(PRWEB) August 2, 2005
Earlier this month, an abandoned pug was discovered in a parking lot in Fayetteville, North Carolina. The pug, later named ÂBunnyÂ by the Pug Rescue of North Carolina, was found with her vulva sewn shut.
Veterinarian Dr. Jim Watson feels that Bunny had been bred many times, and it is suspected that she may have been part of a puppy mill.
According to the Humane Society of the United States (HSUS), Âpuppy mills are breeding facilities that produce purebred puppies in large numbers. The puppies are sold either directly to the public via the Internet, newspaper ads, at the mill itself, or are sold to brokers and pet shops across the country.Â Breeding dogs in puppy mills are bred over and over, and often discarded when they can no longer produce litters.
In BunnyÂs case, it appears as though thatÂs exactly what has happened. After vets examined her, it was determined that she suffered from an inverted bladder, prolapsed uterus, a large cyst on her urethra, severe mastitis (infected breasts), a hernia in her diaphragm and extensive infection, and she tested positive for heartworm.
Pet-Abuse.Com, an organization that tracks cases of animal cruelty within the United States and other countries, shows at least 26 puppy mill cases reported so far this year in the US. In these cases, seizures range between 10 animals to over 300 animals, totaling more than 2,300 dogs removed from deplorable mill conditions just this year.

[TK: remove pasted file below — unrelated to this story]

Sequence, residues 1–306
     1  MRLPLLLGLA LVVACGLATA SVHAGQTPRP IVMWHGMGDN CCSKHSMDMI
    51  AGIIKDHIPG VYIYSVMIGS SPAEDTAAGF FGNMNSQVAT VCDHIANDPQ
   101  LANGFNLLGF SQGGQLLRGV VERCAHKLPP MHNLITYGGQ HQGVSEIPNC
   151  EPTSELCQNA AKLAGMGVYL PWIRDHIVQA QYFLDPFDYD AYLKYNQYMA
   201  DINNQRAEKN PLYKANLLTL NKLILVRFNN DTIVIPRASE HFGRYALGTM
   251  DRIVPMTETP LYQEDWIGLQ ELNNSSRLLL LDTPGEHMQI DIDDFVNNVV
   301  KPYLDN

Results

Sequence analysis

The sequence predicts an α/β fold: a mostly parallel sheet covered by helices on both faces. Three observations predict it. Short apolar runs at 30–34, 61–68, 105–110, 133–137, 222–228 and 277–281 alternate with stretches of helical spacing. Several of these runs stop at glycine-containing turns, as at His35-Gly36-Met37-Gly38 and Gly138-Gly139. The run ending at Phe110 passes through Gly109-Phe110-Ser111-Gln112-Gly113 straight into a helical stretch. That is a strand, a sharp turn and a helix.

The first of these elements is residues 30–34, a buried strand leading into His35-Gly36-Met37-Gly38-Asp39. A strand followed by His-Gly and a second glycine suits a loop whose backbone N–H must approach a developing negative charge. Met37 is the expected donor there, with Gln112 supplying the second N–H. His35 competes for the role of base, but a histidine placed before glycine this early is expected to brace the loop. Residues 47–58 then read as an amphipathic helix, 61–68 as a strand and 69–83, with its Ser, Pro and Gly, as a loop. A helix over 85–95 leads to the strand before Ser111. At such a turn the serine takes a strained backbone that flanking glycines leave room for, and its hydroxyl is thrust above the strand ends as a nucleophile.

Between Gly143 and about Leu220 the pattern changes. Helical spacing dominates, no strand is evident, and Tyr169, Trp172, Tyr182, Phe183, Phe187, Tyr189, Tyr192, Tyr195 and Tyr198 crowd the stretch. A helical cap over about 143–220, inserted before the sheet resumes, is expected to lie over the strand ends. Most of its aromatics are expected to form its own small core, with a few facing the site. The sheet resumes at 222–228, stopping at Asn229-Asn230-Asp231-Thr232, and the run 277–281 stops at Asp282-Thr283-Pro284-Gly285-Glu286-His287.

According to Chris Hedrick, president of Pug Rescue of North Carolina, Bunny was bred until her uterus literally fell out. Hedrick suspects that the reason for sewing the pugÂs uterus shut was to allow the dog to carry one final litter to term.
Bunny has the number 62 tattooed in her left ear, a fact that may help authorities in discovering more about where she comes from.
Bunny has undergone surgery and is improving, but she still has many more surgeries ahead of her. If you wish to donate to help with BunnyÂs medical treatment, contact the Pug Rescue of North Carolina at (336) 312-2983 or online at http://www.pugrescuenc.org.
There are no leads in this case, but a reward fund is being established. Anyone with information is asked to contact the Fayetteville Department of Animal Control at 321-6851.
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